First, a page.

Google Search Core Update, March 2024: Summary & Analysis

Wednesday, March 13th
Content Manager

Mark Wilson

Google released a core update to its search algorithm in March of 2024. Below we summarize the changes in this update, and walk through some possible implications for content marketing and SEO on Google’s platform.

Google Search March 2024 Core Update

Google’s search algorithm update from March of 2024 emphasizes their response to various spam and abuse tactics, and outlines Google’s response to them.

Google notes that the rollout could take up to a month. And as we know from past updates, the SEO implications of the update may not be felt until weeks later, as rankings are rearranged to account for the updates.

Updates to Spam Policies

The update features three core changes to what Google views as spam. Each is outlined below.

Expired Domain Abuse: What Is It and How to Spot It

Expired domain abuse refers to buying an expired domain that previously had some search equity in Google’s ecosystem.

The new owner then floods the site with content unrelated to the original site’s intent. One common example of this is for money-making schemes involving online casinos.

The goal is to use some of the site’s former reputation to drive traffic to the new site. This is misleading to users, though, which is actively against Google’s stated intention for its search functionality.

Google notes that this isn’t accidental. Someone abusing an expired domain knows that it’s a frowned-upon practice. If you’re buying an expired domain and reusing it for legitimate purposes, you have nothing to worry about. 

Google has previously released language to this effect, indicating that either the search methods used to identify abuse are more rigorous now or that the penalties to a domain are more harsh (or both).

Site Reputation Abuse Changes

Site reputation abuse refers to when a landing page is hosted on a site that includes content from a third party and is intended to manipulate search rankings by utilizing the site’s existing reputation.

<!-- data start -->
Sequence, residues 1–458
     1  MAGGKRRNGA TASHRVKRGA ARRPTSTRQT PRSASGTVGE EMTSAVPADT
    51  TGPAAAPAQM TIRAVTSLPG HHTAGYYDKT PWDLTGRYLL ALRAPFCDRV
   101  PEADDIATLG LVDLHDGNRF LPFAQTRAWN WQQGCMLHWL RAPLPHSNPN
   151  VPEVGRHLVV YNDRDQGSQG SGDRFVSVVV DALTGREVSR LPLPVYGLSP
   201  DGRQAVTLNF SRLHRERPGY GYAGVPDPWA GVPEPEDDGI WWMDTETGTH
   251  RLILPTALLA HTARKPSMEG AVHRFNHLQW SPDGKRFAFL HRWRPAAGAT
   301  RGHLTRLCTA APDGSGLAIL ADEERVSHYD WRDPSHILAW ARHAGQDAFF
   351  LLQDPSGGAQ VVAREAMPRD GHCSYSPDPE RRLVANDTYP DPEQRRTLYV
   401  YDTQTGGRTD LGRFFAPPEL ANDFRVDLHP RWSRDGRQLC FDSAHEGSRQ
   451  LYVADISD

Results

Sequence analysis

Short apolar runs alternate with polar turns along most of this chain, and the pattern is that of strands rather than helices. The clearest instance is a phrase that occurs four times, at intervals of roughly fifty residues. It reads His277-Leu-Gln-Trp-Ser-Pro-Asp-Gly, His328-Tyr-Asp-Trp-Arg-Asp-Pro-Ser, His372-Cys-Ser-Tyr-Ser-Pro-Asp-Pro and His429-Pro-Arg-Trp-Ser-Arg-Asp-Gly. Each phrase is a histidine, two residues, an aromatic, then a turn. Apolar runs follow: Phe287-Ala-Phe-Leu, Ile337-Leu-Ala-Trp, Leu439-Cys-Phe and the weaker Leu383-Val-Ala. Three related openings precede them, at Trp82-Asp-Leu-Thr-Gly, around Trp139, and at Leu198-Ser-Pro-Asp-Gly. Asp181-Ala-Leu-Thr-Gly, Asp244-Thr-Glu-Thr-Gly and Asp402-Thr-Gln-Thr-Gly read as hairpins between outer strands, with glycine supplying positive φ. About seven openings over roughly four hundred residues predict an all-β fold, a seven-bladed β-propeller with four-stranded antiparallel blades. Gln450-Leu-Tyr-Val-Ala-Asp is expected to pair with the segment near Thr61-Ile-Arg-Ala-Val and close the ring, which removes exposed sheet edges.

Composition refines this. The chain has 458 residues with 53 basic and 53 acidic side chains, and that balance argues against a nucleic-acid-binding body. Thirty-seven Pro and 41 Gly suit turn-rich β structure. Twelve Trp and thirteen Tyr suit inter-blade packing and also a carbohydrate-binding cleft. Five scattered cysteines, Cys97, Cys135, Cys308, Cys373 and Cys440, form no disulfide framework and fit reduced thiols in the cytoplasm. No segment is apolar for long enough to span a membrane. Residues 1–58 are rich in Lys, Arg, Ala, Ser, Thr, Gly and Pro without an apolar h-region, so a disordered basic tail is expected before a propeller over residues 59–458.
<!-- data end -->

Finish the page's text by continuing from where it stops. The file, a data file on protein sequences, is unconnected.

This is a bit tricky to describe, since sponsored content exists on a lot of sites and Google clarifies that this sort of advertorial content is not considered spam. So where’s the line?

Google’s spam policies page clarifies this quite a bit, with examples of what they consider to be abuse. Generally, if a landing page seems out of place, chances are it is a form of spam. But if the content is sponsored but retains value for the site’s audience, it’s considered acceptable.

Scaled Content Abuse

Scaled content is when numerous pages are generated quickly for the explicit purpose of manipulating search rankings.

This is opposed to Google’s stated goal of promoting content that is user-focused, and targets content that is intended solely to manipulate search rankings without regard for its usefulness and value to a potential reader.

Google previously released notes on automatically generated content, and this doubles down on that while expanding it to cases in which automatically generated content is published at larger scales.

What Does This Mean for AI-Generated Content?

The last of those has received the most headlines among content marketers, since it clearly targets AI-generated content.

It’s important to note that this section is the most opinion-based on this article. The earlier sections were aimed at presenting strictly factual information on the nature of the update. Below, we discuss some probable implications of the update.

Some have claimed this is a death knell for AI-generated content. That claim is a bit sensationalist, but it’s true that this update seems to create a tighter limit on AI content use cases.

Google’s policy on AI-generated content has remained consistent: it does not punish content suspected to be AI-generated on this basis alone. If the content is relevant to a site’s audience and provides value to the reader, it can rank equal to human-generated content.

However, because a lot of brands are using AI tools in attempts to manipulate search rankings - with quality as an afterthought - in practice a lot of AI content can be (and will be) penalized. Further, without a human expert as a guide, a lot of AI content has been accused of being generic and uninteresting, so your baseline AI article is unlikely to compete with the best content out there in a given subject. As ever, this reflects Google’s goal of promoting content that is the most engaging for human users.

Content marketing expert Neil Patel recently released some AI vs. human writing results, and human writing came out on top in the long-term, corroborating the hypothesis above.

This doesn’t mean AI tools can’t be utilized in ways that enhance your workflow, but that caution must be used in its application along with an understanding that it hasn’t yet replaced excellent content generation that is human-guided.

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